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Cuchulainn
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Re: Philosophy of Mathematics

October 18th, 2020, 10:12 pm

'Good' intension (clear bondary, so Frege works)
// Point.hpp
//
// Generic point class. The first coordinate is of one
// type and the second coordinate is of the second type.
//
// Version 1: Distance() function contains a std function as
// argument
//
// (C) Datasim Education BV 2006-2013

#ifndef Point_HPP
#define Point_HPP

#include <iostream>
#include <functional>

template <class X=double> class Point
{
private:

	// The two coordinates
	X m_x;
	X m_y;

	// The embedded algorithm (strategy) object; each object gets its own copy
	std::function<double (const Point<X>& p1, const Point<X>& p2)> algo;

public:

	typedef std::function<double (const Point<X>& p1, const Point<X>& p2)> FunctionType;

	// Constructors & destructor
	Point(const FunctionType& algorithm);										// Default constructor
	Point(const X& first, const X& second, const FunctionType& algorithm);					// Constructor with coordinates
	Point(const Point<X>& source);					// Copy constructor
	virtual ~Point();								// Destructor

	// Selectors
	const X& First() const;								// Get first coordinates
	const X& Second() const;							// Get second coordinate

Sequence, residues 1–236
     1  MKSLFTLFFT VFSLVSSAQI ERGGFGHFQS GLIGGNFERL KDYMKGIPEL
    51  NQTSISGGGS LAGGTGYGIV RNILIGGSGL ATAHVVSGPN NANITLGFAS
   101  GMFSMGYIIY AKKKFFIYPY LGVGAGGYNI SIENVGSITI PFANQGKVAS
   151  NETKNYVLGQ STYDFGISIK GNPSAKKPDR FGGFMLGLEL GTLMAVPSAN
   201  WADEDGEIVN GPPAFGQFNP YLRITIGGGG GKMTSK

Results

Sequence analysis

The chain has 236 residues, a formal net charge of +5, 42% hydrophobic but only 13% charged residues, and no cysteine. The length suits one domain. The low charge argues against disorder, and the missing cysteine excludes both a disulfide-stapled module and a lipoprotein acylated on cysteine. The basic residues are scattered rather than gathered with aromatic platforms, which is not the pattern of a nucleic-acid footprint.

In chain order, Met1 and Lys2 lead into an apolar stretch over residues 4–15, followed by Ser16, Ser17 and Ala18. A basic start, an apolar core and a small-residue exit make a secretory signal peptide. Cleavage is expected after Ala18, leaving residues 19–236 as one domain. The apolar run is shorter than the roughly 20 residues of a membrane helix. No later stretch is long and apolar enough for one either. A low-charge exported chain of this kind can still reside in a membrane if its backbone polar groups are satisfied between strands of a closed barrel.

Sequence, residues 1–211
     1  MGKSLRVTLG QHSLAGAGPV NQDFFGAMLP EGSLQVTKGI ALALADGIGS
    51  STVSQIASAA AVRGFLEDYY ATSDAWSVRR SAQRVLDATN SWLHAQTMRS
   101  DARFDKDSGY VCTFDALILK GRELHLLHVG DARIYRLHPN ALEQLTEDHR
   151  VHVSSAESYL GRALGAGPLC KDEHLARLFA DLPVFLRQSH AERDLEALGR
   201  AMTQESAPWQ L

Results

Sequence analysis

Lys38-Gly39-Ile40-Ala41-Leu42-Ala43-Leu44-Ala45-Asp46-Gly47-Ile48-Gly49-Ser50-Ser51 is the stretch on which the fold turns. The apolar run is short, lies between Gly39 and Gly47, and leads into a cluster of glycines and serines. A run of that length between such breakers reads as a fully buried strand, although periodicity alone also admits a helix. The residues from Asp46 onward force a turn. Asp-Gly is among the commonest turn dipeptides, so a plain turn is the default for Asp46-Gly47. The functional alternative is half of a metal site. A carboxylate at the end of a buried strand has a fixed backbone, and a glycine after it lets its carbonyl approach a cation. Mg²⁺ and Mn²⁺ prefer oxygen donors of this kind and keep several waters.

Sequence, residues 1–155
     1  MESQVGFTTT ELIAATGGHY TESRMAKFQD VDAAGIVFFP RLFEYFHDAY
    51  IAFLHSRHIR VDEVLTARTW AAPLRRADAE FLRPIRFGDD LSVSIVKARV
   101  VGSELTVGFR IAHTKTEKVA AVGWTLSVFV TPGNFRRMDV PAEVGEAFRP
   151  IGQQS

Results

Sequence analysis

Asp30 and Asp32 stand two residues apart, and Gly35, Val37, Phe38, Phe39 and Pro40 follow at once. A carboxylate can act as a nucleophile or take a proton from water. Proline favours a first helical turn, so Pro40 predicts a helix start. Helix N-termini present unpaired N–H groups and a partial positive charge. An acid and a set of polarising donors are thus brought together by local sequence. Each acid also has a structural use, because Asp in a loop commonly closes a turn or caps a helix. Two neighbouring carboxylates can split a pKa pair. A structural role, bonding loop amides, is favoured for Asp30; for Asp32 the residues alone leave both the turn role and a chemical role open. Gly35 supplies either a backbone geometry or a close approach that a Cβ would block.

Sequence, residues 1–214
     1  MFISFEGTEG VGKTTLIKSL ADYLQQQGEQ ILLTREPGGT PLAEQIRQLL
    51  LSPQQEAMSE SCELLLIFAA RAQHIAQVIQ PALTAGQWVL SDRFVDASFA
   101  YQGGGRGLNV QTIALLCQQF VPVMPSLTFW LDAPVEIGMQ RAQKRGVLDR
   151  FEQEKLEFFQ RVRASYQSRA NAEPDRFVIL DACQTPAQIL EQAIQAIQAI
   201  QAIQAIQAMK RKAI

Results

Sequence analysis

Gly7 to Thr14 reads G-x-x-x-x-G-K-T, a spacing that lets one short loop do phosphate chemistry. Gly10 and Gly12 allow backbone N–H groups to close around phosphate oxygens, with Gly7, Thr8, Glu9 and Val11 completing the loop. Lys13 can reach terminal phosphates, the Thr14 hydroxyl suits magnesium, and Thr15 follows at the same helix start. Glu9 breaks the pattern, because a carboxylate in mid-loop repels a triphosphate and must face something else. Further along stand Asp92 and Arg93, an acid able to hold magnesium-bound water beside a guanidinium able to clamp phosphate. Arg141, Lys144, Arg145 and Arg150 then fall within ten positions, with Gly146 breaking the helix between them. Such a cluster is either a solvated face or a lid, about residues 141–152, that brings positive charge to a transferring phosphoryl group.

// Modifiers
	void First(const X& val);						// Set first coordinate
	void Second(const X& val);						// Set second coordinates

	// Functions
	double Distance(const Point<X>& p2) const;		// Calculate distance

	// Assignment operator
	Point<X>& operator = (const Point<X>& source);

	template <class X> 
		friend std::ostream& operator << (std::ostream& os, const Point<X>& p);
};

#include "Point.cpp"

#endif

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Cuchulainn
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Re: Philosophy of Mathematics

October 18th, 2020, 10:15 pm

Good extension
Point<double> p1(1.0, 1.0, ExactDistance);
 Point<double> p2(p1); 

 std::cout << "p1: " << p1 << std::endl;
 std::cout << "p2: " << p2 << std::endl;
"Compatibility means deliberately repeating other people's mistakes."
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complyorexplain
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Re: Philosophy of Mathematics

October 19th, 2020, 10:39 am

Note it's not just Frege. Predicate calculus is the basis of all mathematical logic, including Goedel.

Propositional functions can include tense. 'is-a-philosopher(Trump) is in the present case, and all such functions are in the present tense unless specified otherwise, in which case you have tense logic.

https://plato.stanford.edu/entries/logic-temporal/

Which is also a fairly wide subject.
 
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Cuchulainn
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Re: Philosophy of Mathematics

October 19th, 2020, 1:19 pm

Note it's not just Frege. Predicate calculus is the basis of all mathematical logic, including Goedel.

Propositional functions can include tense. 'is-a-philosopher(Trump) is in the present case, and all such functions are in the present tense unless specified otherwise, in which case you have tense logic.

https://plato.stanford.edu/entries/logic-temporal/

Which is also a fairly wide subject.
Very interesting post.